DEL MAR — The Del Mar Union School District is moving forward with an appointment process to fill a vacant seat on the board of trustees following the resignation of Scott Wooden, with applications open until April 6.
A longtime trustee on the board since 2010, Wooden announced his resignation in mid-February after news surfaced that he was one of over 200 people arrested in Florida as part of a sting operation for soliciting a sex worker.
Wooden was most recently re-elected to the board in November, leaving nearly four years remaining in his term. The district had 60 days to call a special election or commence a community appointment process.
The now four-person board discussed both options at their March 15 meeting and unanimously opted for the latter, noting that a special election would cost the district hundreds of thousands of dollars and be delayed until at least November.
“In my opinion, the most democratic thing to do is to let the voters decide and hear their opinion on that. However, I think that given the cost amounts … it doesn’t make sense to me to have a special election,” said Board President Gee Wah Mok. “This board has been elected and re-elected multiple times, so I think we are capable of making good decisions and making decisions on behalf of the community.”
Applications are due by 4 p.m. on April 6, and the board plans to interview applicants and vote on an appointment at a special board meeting on April 11.
While the term of Wooden’s former seat technically runs through 2026, the California election code states that the appointee would only serve until the next regularly scheduled election in 2024, at which time an election would be held to fill the remaining two years of the term.
In the case of a special election, the elected candidate would serve for the entirety of the remaining term.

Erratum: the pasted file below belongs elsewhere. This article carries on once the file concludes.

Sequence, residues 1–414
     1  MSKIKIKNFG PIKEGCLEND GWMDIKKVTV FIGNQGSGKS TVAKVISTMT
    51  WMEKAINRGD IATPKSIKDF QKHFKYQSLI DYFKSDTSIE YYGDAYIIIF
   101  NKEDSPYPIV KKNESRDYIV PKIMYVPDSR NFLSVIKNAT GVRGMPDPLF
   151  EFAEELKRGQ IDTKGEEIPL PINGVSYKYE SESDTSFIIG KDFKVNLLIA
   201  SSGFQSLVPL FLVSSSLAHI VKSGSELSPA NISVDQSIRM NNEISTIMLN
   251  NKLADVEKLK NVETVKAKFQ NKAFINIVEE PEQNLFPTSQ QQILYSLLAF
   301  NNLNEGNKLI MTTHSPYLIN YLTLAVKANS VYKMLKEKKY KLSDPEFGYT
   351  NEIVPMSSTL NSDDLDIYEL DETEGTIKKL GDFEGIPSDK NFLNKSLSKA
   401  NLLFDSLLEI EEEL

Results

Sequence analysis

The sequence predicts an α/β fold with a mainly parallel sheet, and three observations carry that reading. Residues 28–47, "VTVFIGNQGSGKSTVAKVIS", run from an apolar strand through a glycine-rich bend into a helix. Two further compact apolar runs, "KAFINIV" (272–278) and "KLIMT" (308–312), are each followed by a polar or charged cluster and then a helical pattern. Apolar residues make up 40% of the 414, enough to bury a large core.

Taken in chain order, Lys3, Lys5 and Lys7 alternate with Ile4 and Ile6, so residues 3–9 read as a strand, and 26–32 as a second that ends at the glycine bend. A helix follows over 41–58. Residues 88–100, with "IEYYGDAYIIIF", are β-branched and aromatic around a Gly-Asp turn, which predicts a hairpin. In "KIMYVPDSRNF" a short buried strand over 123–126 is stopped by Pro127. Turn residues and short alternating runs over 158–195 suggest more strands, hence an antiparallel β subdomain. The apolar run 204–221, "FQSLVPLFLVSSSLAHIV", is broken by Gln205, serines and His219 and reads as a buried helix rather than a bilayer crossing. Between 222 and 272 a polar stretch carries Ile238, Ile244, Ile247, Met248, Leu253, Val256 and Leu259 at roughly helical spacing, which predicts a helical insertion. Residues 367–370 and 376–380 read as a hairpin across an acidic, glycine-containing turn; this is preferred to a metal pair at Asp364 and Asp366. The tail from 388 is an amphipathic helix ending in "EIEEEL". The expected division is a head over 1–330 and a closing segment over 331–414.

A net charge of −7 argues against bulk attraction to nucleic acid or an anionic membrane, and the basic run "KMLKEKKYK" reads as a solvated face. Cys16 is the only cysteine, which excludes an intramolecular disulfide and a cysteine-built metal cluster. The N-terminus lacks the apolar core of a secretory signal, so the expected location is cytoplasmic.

The Del Mar Union board is no stranger to the appointment process; Mok was appointed provisional trustee in 2019 before being elected to a full term in 2020. Provisional trustee Darren Gretler was also appointed in 2015.
“We’ve done an appointment two times before, and I’m looking at people sitting next to me, and I think that process has worked well in the past,” said trustee Doug Rafner.
Dozens of community members have shared their preference for one appointee in particular — district parent Danielle Roybal, who has been outspoken about including alleged shortcomings in Del Mar Union’s special education program, among other issues, and the top vote-getting challenger in the 2022 school board race.
“Now that Scott Wooden has resigned, I ask that you honor the community’s vote and assign me,” she told trustees, bringing along 80 letters of support from the community. “I represent the community that wants the board to work with them. Please allow me to be the bridge and show goodwill toward our voters.”
Roybal warned that if she was not appointed, she would begin the process of forcing a “recall,” more technically called a special election. California election code states that community members have the right to petition for such an election within 30 days of the district appointing someone to the vacant seat.
According to the San Diego County Registrar of Voters, the number of signatures needed to force a special election equals 1.5% of the total registered voters as of the last regular election. With just over 31,000 registered voters, that equals around 465 signatures.
“If a trustee is assigned that is not of the community’s choice, they would hate to start a recall. But with only approximately 500 signatures necessary for a recall of an appointed trustee, they would do so in order to honor the community’s choice,” Roybal said.
This process played out in the neighboring San Dieguito Union School District in 2021 when the faculty association forced a special election after Ty Humes was appointed to the then-vacant Area 5 seat. Julie Bronstein ended up being elected and serving as trustee until 2022.
Information about the Del Mar Union board vacancy and application materials are available at dmusd.org. Applicants must be at least 18 years old, a United States citizen, a registered voter and must live within the boundaries of the Del Mar Union School District.
Applications can be submitted via email, Google Form, mail, fax or hand delivery to the superintendent’s office.